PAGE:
Flocculation of marine phytoplankton

Flocculation of marine phytoplankton

Postby Skattejag » Thu Jun 20, 2013 6:27 pm


I am current looking into techniques that can be used to concentrate phytoplankton in order to feed a marine/reef aquarium. I am considering setting up a phytoplankton culture and am doing currently doing research on the subject. The reason why I am considering concentrating the phytoplankton would be because:
1) I do not know what the long-term effects will be if excess fertilizer such as Guillard's F/2 growth medium (containing Copper sulfate, Manganese chloride, sodium Molybdate etc) accumulates in the reef aquarium.
2) Since the phytoplankton changes the pH/ alkalinity(?) of the culture medium adding large amounts of phytoplankton + medium might damage/shock the reef system
3) Makes storage/ freezing of phytoplankton easier, although this process apparently decreases the protein content

Methods used for concentrating phytoplankton:
1) Sedimentation (Rate of settling - approximately "1 hour settling/mm of column depth" from Standard Methods for the Examination of Water and Waste Water)
2) Membrane filtration (May crush organisms if a vacuum is applied - from Standard Methods for the Examination of Water and Waste Water)
3) Centrifugation (i.e. accelerated sedimentation - May damage/ crush fragile plankton - from Standard Methods for the Examination of Water and Waste Water)
4) Flocculation (Wikipedia :"Flocculation, in the field of chemistry, is a process wherein colloids come out of suspension in the form of floc or flake; either spontaneously or due to the addition of a clarifying agent. The action differs from precipitation in that, prior to flocculation, colloids are merely suspended in a liquid and not actually dissolved in a solution.")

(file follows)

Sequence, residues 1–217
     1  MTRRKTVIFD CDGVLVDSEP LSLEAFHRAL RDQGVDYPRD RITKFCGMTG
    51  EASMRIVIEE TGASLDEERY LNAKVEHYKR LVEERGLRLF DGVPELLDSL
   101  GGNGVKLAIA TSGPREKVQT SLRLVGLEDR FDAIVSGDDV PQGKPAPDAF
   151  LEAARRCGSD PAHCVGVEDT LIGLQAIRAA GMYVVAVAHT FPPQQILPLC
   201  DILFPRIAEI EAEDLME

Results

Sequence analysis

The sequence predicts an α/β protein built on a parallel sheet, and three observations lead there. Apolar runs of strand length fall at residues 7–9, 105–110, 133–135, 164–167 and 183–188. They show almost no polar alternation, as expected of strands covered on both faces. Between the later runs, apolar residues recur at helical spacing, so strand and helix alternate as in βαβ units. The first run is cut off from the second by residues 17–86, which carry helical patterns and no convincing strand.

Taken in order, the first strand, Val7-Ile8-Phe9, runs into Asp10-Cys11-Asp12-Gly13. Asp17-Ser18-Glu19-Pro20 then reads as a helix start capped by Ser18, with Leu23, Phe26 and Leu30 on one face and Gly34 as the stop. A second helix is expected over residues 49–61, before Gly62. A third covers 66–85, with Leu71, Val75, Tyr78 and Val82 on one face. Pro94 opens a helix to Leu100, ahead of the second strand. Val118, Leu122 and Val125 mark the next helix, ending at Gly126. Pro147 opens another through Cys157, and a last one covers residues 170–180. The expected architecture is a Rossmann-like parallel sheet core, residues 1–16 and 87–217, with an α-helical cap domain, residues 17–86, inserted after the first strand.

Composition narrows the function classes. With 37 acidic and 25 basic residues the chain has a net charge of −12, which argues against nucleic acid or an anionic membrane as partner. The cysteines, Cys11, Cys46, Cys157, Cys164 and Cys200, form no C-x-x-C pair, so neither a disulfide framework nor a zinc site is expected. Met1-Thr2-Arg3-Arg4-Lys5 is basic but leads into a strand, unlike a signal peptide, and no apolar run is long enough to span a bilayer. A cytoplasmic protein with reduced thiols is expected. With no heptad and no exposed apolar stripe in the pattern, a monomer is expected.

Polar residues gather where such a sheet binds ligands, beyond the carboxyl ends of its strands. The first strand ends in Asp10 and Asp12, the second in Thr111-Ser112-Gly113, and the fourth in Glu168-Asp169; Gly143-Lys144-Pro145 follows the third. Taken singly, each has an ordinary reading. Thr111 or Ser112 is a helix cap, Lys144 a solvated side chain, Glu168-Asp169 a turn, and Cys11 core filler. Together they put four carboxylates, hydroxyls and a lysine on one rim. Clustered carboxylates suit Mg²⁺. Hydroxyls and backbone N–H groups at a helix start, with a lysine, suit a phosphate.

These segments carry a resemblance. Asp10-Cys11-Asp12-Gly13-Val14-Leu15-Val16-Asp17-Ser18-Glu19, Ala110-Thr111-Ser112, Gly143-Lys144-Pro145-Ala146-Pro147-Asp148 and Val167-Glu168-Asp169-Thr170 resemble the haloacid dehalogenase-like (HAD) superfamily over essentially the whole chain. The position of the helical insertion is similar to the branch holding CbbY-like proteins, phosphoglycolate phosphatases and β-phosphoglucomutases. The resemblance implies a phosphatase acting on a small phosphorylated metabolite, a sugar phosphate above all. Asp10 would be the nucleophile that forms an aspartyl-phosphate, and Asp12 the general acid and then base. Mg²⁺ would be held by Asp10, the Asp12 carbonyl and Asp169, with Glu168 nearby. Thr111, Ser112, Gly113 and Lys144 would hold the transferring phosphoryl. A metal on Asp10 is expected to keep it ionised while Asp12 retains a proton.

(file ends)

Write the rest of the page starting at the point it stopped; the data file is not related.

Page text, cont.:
I am interested in Flocullation since I read in "Artificial Reefs and Seafarming Technologies" (from the Central Marine Fisheries Research Institute (CMFRI)- Bulletin 48-1996 ) and other articles (see attached .pdf) that the following procedure results in flocculation (there are other procedures as well):

The addition of a sufficient amount of sodium hydroxide solution to a phytoplankton culture to raise the pH of the culture by 1 (example from pH 8.4 to 9.4), followed by vigorous stirring and a settling period 1 hour will result in concentrated phytoplankton. The supernatant may then be slowly decanted. The pH of the concentrated phytoplankton must then be restored to its original level, i.e. pH of 8.4 (in the case of the example) by the slowly adding dilute hydrochloric acid. This concentrated solution may then be freezed after a few drops of glycerol or Dimethyl sulphoxide (protective agents - Check toxicity (?))

I would like to know if anyone as any experience with this or would be willing to test it out? Apparently tests were performed in the aquaculture environment and no adverse effects were noted. But I suggest researching further before trying this method for breeding purposes.
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Re: Flocculation of marine phytoplankton

Postby Luis A M » Fri Jun 21, 2013 6:50 pm

Welcome to MOFIB-Marine Breeders :D
The reasons for concentrating Phytoplankton are mostly commercial,to minimize the ammount of water in the finished product and their bulk/freight cost.
Methods used for concentration are those you mentioned plus liophylization.
Most require large/expensive equipment and therefore are not suitable for hobbyists.Perhaps flocculation could be tried in a small scale.If you plan to start a project about that,you can post it in our Research Projects forum.
And another interesting project would be to monitor the utilization and decrease of nutrients in the f/2 medium as a thriving phyto culture develops.I suspect it will be close to nil after the culture peaks.
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Re: Flocculation of marine phytoplankton

Postby Skattejag » Sat Jun 22, 2013 7:53 am

Has anyone tested the viability of freezed phytoplankton + glycerol/Dimethylsulfoxide (DMSO) (other than Nannochloropsis) as a culture inoculant. A "few drops" of glycerol has been recommended for a concentrated/flocculated phytoplankton sample, so a larger amount of glycerol may be required for a larger culture volume. Unfortunately, I do not have a phytoplankton setup at the moment.
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